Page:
Paris house prices set to end up­ward streak

The Pak Banker - - 6BUSINESS -

Government sup­port for the hous­ing in­dus­try ranges from lodg­ing sub­si­dies for stu­dents to tax breaks for ren­o­va­tion works and pub­lic con­struc­tion, which to­talled 45 bil­lion eu­ros ($59 bil­lion) in 2011, or 2.25 per­cent of gross domestic prod­uct. Hol­lande is with­draw­ing some of that help as Europe's sec­ond-largest econ­omy is on the brink of a third re­ces­sion in four years, hurt­ing prop­erty in­vestors such as Bouygues SA (EN) (EN).

A French na­tional flag flies near apart­ments in Paris. The av­er­age price of pre­vi­ously owned apart­ments in the French cap­i­tal fell 2 per­cent in the fourth quar­ter of 2012 from the pre­vi­ous three months, when val­ues peaked at a record 8,440 eu­ros per square me­ter, ac­cord­ing to Paris no­taries and government statis­tics of­fice Insee.

"It's prob­a­bly the trig­ger for a price de­cline which could reach 30 per­cent to 40 per­cent in five to 10 years," Pierre Sa­batier, chair­man of PrimeView, a Paris­based com­pany of­fer­ing re­search in ar­eas such as real es­tate, fi­nan­cial mar­kets and de­mo­graphic devel­op­ment, said in an in­ter­view. On top of government's bud­get cuts, the mar­ket will suf­fer be­cause of an ag­ing pop­u­la­tion and stricter mort­gage rules, he said.

Amid the worst eco­nomic cri­sis since World War II, French hous­ing prices in the last decade out­paced growth in house­hold in­comes, spar­ing France from a sim­i­lar prop­erty crash as in Spain, Ire­land and the U.K. In Paris in par­tic­u­lar, prices have surged as house­holds fled fall­ing stock mar­kets and used real es­tate as a haven. In Lon­don, prices have re­bounded 11 per­cent since 2009 and are still 17 per­cent be­low a 2007 peak. Madrid hous­ing prices are down a third from 2007 records.

Hol­lande, a So­cial­ist and the coun­try's most un­pop­u­lar French leader in more than 30 years, needs to find an ad­di­tional 5 bil­lion eu­ros in spend­ing cuts next year to keep shrink­ing the bud­get deficit.

The French Pres­i­dent has raised the cap­i­tal-gains tax on real es­tate as well as in­come and wealth levies last year, fol­low­ing sim­i­lar moves by his pre­de­ces­sor in 2011. The pres­i­dent also tight­ened re­quire­ments for tax re­duc­tions for buy-to­let in­vest­ments and in­ter­est-free loans for first-time home buy­ers, in­creased taxes on va­cant prop­er­ties, and is con­sid­er­ing cap­ping rents.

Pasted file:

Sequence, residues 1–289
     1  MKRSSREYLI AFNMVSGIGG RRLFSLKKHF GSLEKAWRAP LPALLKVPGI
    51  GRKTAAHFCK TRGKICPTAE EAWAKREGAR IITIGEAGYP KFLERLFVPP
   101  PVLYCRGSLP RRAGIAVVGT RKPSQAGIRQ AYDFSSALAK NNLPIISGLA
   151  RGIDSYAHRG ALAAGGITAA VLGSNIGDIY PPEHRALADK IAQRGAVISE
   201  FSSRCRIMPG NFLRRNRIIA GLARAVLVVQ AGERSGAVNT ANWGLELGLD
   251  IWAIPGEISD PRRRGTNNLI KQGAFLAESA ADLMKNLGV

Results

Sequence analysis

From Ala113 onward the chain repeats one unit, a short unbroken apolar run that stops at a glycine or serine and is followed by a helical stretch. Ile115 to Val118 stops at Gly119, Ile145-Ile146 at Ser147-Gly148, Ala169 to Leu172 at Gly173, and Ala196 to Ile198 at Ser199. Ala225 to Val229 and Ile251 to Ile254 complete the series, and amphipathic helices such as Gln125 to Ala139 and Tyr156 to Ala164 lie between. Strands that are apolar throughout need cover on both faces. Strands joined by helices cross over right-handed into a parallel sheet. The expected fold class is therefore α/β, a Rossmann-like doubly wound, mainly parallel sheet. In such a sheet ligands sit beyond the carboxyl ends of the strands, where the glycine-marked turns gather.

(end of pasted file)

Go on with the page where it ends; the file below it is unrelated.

The av­er­age price of pre­vi­ously owned apart­ments in the French cap­i­tal fell 2 per­cent in the fourth quar­ter of 2012 from the pre­vi­ous three months, when val- ues peaked at a record 8,440 eu­ros per square me­ter, ac­cord­ing to Paris no­taries and government statis­tics of­fice Insee. The num­ber of sales slumped 21 per­cent in the quar­ter from a year ear­lier.

The prospect of lower prices is al­ready hurt­ing de­mand. Res­i­den­tial prop­erty reser­va­tions at Bouygues (EN)' real es­tate unit fell 30 per­cent last year. To re­vive sales, Bouygues Im­mo­bilier is now of­fer­ing a dis­count of 7,500 eu­ros un­til April 14 for five-room apart­ments it plans to build. The com­pany will also pay the trans­ac­tion tax that's nor­mally paid by the buyer.

Bouygues (EN), which also owns tel- evi­sion and phone as­sets, fell 1.7 per­cent at 9:08 a.m. in Paris to­day, eras­ing this year's gain and valu­ing the com­pany at 7.2 bil­lion eu­ros. The bench­mark CAC 40 in­dex was down 1.9 per­cent.

While real es­tate in­vestors may suf­fer, other peo­ple will ben­e­fit from de­clin­ing real es­tate prices, ac­cord­ing to Lau­rent Quignon, an econ­o­mist at BNP Paribas.

"To at­tract work­ers to cities like Paris, em­ploy­ers have been forced to of­fer big­ger salaries," he said in an in­ter­view. "Ten­ants also had to save to pay for their rent, which was detri­men­tal to con­sump­tion," he said. Paris home prices have tripled since 2000.

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